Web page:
Working with Cookiees

Working with Cookie using Javascript (document.cookie);

1: Creating Cookie
1.1 Creating in-memory cookie

document.cookie = “Username= FirstName LastName”;  // In-memory cookiee
var x = document.cookie;
alert(x);  // Username=”FirstName LastName”

document.cookie = "Key1=Value1";
document.cookie = "Key2=Value2";
alert(document.cookie); // displays: Key1=Value1;Key2=Value2;

Note: If Keys are same then values overwrites;

Cookies predefined Keys in Cookie
  • Expires : The date the cookie will expire. If this is blank, the cookie will expire when the visitor quits the browser.
  • Domain : The domain name of your site.
  • Path : The path to the directory or web page that set the cookie. This may be blank if you want to retrieve the cookie from any directory or page.
  • Secure : If this field contains the word "secure" then the cookie may only be retrieved with a secure server. If this field is blank, no such restriction exists.
  • Name=Value : Cookies are set and retrieved in the form of key and value pairs.
Note; These parameters(their values) are seprated by semi-colon (;);

1.2 Creating Persistent Cookiee
document.cookie="username=John Doe; expires=Thu, 18 Dec 2013 12:00:00 GMT";   
1.3 Creating Persistent cookie with Path (i.e., which folder pages can access this cookie)
document.cookie="username=John Doe; expires=Thu, 18 Dec 2013 12:00:00 GMT; path=/";
Note: With a path parameter, you can tell the browser what path the cookie belongs to. By default, the cookie belongs to the current page.

1.4. Modifying Cookie (create new cookies with existing keys and new values);
document.cookie="username=John Smith; expires=Thu, 18 Dec 2013 12:00:00 GMT; path=/";

1.5.Deleting Cookie
Deleting a cookie is very simple. Just set the expires parameter to a passed date:
document.cookie = "username=; expires=Thu, 01 Jan 1970 00:00:00 GMT";

1.6.Cookie Location
If Security Configuration to Low : %AppData%\Microsoft\Windows\Cookies\Low   

At most one file is would be created on behalf of each Domain; It contains all values in the form of Key-Value pair.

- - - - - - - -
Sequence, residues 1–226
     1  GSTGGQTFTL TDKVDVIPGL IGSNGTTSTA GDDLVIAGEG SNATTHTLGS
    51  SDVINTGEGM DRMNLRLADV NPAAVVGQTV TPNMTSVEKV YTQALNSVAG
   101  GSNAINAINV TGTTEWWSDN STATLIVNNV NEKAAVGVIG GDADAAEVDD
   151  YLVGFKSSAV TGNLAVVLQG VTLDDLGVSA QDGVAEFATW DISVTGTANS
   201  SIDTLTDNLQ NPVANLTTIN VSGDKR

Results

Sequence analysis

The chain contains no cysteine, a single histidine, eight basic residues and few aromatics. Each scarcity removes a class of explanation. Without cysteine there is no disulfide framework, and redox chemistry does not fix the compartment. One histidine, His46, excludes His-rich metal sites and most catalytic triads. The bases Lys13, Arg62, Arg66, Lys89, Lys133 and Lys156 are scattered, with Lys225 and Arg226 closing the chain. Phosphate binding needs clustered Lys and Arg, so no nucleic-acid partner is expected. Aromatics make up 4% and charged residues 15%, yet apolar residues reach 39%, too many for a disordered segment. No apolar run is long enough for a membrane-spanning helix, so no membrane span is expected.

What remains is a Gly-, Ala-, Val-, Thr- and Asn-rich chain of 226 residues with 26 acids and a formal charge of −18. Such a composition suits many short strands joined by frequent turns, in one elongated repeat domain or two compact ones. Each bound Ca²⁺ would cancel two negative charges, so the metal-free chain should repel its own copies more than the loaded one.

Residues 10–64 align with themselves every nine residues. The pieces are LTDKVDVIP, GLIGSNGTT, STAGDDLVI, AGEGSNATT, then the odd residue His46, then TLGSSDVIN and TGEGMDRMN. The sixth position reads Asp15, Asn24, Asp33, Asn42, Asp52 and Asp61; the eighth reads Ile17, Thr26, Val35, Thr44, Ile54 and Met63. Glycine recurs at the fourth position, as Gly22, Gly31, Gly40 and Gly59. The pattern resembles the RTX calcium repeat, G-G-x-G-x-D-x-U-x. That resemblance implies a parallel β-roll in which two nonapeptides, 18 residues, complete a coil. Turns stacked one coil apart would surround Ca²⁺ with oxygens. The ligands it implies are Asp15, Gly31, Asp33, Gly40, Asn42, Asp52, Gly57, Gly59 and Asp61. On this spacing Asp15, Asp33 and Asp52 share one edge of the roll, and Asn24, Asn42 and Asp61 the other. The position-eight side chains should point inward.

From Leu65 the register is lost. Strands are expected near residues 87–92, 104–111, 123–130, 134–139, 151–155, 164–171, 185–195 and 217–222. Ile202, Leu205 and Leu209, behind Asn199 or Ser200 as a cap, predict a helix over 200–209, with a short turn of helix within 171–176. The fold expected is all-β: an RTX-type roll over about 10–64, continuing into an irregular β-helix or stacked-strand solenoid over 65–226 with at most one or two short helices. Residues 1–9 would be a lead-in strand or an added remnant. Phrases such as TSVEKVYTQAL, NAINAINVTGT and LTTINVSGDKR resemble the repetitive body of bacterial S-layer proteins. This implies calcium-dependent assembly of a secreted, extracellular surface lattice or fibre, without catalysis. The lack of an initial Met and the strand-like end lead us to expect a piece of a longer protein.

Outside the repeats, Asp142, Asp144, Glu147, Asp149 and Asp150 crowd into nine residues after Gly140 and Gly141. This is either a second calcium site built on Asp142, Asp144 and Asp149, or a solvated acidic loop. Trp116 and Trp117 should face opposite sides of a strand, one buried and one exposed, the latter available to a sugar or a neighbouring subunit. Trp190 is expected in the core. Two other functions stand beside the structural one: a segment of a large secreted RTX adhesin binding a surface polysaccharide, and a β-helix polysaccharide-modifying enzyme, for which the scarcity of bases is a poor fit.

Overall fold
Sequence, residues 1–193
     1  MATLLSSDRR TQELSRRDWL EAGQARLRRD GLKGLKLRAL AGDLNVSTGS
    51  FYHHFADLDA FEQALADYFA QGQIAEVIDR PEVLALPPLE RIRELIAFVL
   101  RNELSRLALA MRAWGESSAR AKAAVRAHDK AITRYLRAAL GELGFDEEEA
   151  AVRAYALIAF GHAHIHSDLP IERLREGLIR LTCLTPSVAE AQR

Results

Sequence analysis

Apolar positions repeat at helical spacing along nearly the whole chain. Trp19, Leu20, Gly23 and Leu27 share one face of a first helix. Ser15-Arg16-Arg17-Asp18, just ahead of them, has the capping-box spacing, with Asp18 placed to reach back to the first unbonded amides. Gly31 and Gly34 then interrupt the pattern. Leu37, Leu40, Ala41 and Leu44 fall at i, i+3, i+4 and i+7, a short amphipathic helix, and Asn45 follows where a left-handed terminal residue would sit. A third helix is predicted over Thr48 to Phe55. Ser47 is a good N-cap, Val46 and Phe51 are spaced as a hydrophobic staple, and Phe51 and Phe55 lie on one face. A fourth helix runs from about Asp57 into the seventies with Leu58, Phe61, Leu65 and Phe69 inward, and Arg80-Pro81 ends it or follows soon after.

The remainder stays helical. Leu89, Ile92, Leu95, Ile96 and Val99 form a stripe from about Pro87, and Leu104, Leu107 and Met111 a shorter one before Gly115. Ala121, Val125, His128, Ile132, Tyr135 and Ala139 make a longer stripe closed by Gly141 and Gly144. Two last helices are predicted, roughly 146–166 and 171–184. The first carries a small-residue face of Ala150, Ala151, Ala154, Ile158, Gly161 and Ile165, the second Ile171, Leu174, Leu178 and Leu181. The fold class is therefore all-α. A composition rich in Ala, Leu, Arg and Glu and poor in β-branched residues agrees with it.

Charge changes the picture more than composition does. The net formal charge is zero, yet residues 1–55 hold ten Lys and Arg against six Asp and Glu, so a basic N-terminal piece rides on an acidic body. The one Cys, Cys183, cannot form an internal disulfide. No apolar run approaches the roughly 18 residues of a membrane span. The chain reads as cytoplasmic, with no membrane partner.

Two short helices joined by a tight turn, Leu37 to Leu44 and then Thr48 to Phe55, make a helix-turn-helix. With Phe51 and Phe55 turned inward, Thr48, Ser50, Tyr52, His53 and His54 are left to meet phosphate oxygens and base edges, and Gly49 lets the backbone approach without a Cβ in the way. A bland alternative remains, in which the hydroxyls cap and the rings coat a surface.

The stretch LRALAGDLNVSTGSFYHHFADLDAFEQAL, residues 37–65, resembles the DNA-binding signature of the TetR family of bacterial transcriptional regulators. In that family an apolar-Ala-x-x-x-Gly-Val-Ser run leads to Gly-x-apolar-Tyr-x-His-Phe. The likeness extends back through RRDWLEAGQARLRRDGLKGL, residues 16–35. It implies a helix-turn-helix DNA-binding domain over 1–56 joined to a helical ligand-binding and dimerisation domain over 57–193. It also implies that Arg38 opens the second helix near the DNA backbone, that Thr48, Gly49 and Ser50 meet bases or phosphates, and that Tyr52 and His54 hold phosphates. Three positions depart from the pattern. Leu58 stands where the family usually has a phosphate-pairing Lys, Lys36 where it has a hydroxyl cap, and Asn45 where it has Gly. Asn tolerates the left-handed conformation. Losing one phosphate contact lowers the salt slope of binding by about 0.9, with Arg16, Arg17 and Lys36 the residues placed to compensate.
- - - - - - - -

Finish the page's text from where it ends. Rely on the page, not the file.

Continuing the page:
1.7: An approach: setCookie and getCookie data
function setCookie(cname,cvalue,exdays)
var d = new Date();
var expires = "expires="+d.toGMTString();
document.cookie = cname + "=" + cvalue + "; " + expires;

function getCookie(cname)
var name = cname + "=";
var ca = document.cookie.split(';');
for(var i=0; i   {
  var c = ca[i].trim();
  if (c.indexOf(name)==0) return c.substring(name.length,c.length);
return "";
Calling Methods
function checkCookie()
var user=getCookie("username");
if (user!="")  {  alert("Welcome again " + user);  }
 {  user = prompt("Please enter your name:","");
     if (user!="" && user!=null)     {     setCookie("username",user,30);     }
1.8: Iterating through each Items stored in Cookiee
document.cookie = 'Key1=Value1,Key2=Value2';  //Dont use '&' and ';' chars for multi-valued cookiees.
var cookieArray = document.cookie.split(',');

A) Paired items reading
var x1 = cookieArray[0];  //Key1=Value1
var y1 = cookieArray[1];  //Key2=Value2

B) Keys only reading
var k1 = cookieArray[0].split('=')[0]; //Key1
var k2 = cookieArray[1].split('=')[0]; //Key2

C) Values only reading
var v1 = cookieArray[0].split('=')[1]; //Value1
var v2 = cookieArray[1].split('=')[0]; //Value2

Attacks on  Cookies

1)      XSS attacks
a.       Domain Name validations
b.      Sub-Domain Name validations
1)      Cookie Positioning  (Protecting cookies over wire)
2)      Cookie confidentiality (Cookie data encryption)

Recommended References:


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